The Internet Funnel

Matchmaker: RSS finds the latest Web entries of interest to a user.

Plugged In

July 15, 2004|By Tricia Bishop | Tricia Bishop,SUN STAFF

They're multiplying on the Internet like a bad case of measles: little orange buttons - seemingly innocuous and often marked with the letters "RSS."

But some say the technology behind them could alter the face of the World Wide Web.

The letters stand for "really simple syndication" and represent a method through which subscribers can automatically gather information from multiple Web sites.

Just as TiVo is changing the way some people use television, downloading programs only when they want to see them, RSS is helping people manage the gusher of information available on the Internet. The technology alerts people to the latest data on topics they've selected - from classified postings to sports scores - and delivers it to their computers.

"It has potential to be as big as the Web itself," said Sean Gallagher, a Hampden-based editor at, an online technology magazine. "It's changing the way people consume information."

The initial premise of making money on the Internet by attracting as many "eyeballs" as possible has long since been discredited in a heap of shuttered companies and worthless stock options. Internet "content providers" are seeking ever more precise ways to match users with advertisers and information they're mostly likely to have interest in.

This next evolution is reflected in recent headlines about Google's new "Gmail" service and America Online's impending purchase of Inc. in Baltimore for $435 million. Just as Gmail matches e-mail subjects with related advertisements and charges only for Internet ads that generate a consumer's response, the RSS tabs popping up on Web sites intend to channel the vast Internet to the user.

Subscriber in control

Enthusiasts say the technology will one day allow people to create personalized TV networks as the television industry goes digital, and even service a high-tech car while it's on the road.

"The subscriber is in control, not the publisher," said Anthony Casalena, a University of Maryland senior who last year created Squarespace Inc., a Web design company that syndicates in RSS and similar formats.

To use RSS, software that creates a "reader" is needed. It often can be downloaded free, though Apple Computer Inc. has announced that it will include a reader in its newest operating system, due out early next year. Microsoft Corp. is rumored to have the same plans for its 2006 operating system, though a spokeswoman said it was too early to confirm that.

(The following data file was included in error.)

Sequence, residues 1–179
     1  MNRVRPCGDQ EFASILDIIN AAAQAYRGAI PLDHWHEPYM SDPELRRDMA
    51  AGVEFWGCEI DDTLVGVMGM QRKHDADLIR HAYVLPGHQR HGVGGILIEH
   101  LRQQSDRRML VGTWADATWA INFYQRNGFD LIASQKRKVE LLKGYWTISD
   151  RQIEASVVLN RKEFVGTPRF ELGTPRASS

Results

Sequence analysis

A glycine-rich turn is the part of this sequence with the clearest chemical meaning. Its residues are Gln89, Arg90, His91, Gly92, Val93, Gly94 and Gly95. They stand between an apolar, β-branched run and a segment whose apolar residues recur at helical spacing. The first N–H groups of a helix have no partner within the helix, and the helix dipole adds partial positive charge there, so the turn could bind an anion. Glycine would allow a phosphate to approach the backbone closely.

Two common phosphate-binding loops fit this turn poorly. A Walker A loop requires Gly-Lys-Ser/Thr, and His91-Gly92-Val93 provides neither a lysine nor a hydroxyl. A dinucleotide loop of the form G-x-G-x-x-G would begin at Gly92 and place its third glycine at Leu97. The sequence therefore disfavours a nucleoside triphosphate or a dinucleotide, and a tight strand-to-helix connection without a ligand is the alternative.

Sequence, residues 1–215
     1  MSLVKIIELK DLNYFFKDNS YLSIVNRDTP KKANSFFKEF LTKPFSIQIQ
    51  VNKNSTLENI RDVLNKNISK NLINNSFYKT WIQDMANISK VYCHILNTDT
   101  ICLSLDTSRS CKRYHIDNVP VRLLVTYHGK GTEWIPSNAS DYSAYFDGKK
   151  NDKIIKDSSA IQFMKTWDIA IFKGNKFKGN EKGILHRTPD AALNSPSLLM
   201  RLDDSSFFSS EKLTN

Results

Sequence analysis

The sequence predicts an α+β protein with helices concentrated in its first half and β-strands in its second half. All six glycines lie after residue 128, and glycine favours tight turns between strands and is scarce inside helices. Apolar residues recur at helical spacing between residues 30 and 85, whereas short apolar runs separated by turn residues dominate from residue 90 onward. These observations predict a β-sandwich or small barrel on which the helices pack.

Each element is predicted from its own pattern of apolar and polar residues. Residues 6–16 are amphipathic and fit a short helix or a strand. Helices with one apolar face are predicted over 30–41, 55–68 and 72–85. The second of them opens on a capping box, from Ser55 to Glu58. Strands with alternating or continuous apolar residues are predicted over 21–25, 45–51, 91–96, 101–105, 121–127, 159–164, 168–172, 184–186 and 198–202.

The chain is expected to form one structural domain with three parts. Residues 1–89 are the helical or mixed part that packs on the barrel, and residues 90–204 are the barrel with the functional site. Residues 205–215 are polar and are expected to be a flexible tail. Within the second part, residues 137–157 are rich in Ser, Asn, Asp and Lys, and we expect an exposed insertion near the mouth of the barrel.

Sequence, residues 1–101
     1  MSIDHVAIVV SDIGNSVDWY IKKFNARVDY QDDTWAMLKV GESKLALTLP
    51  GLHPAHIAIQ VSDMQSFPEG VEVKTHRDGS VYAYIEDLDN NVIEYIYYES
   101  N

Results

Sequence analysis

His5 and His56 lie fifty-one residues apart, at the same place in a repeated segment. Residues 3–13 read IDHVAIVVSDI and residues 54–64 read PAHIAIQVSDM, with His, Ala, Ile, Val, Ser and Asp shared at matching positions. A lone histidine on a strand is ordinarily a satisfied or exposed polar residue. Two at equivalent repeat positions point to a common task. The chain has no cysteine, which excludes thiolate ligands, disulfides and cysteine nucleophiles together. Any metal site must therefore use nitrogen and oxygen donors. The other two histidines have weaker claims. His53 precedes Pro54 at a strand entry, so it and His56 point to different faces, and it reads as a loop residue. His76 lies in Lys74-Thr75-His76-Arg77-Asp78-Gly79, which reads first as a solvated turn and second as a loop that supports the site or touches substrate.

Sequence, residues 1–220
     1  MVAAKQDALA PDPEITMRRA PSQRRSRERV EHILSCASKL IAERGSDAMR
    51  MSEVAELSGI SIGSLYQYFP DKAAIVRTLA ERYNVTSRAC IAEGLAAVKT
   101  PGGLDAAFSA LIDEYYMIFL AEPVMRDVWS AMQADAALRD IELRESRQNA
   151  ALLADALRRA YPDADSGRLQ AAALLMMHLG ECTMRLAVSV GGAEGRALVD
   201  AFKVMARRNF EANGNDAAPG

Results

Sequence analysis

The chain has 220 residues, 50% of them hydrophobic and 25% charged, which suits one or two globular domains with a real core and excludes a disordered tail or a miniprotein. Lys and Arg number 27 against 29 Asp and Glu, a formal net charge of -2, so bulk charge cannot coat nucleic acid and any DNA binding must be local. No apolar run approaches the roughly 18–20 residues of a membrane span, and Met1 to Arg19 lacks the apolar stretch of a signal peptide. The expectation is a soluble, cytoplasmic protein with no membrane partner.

Custom searches

The readers can be programmed to search specific sites. For example, music fans can tailor their RSS readers to search for the latest information on their favorite bands. If there's something new out there, the reader will find it and deliver a summary to the user. To read the full content, users still have to click a link to the information and view it on a Web site, but they avoid the hassle of going to the site to check for new information if none is available.

"You can't monitor 400 Web sites in a day, but with RSS, you can find out if anything has changed on 400 Web sites," Gallagher said, adding that the process has earned a buzzword: "broadcatching" instead of broadcasting.

As a technology journalist, Gallagher uses his reader to keep tabs on the competition, subscribing to feeds from forward-thinking "bloggers," people who keep online Web logs of commentary, and trade publications. But he also offers his own Web log - "blog" - content as RSS feeds that alert his readers to new posts, such as the latest pictures of his three children.

The technology was first embraced by bloggers when RSS was introduced in 1999, and they're still the most prolific users.

But the development is now reaching beyond hard-core techies to major media, such as Yahoo Inc., which added RSS-formatted feeds to its news and group-discussion sites in January. More than 100 newspapers use RSS as well, including The New York Times and The Sun, which has offered its content as a feed since the spring of 2002.

"Really within the last year, it's sort of hit critical mass," Gallagher said.

But most Internet users aren't yet aware of, or using, RSS - The Sun has only a couple of hundred people reading stories through it each day - and many people don't yet see a reason to do so. They aren't surfing dozens of pages per day or keeping tabs on any particular type of news.

Casual users could appreciate the technology for other reasons, though, said Marci De Vries, who owns an online public relations company in South Baltimore. De Vries sees the feeds and readers as possible replacements for company "blast e-mails" sent out to the employee masses, in part because the spam factor is cut way down.

"There's no way you can spam somebody's RSS feed because nobody knows you have it," said De Vries, who presses her clients to adopt RSS.

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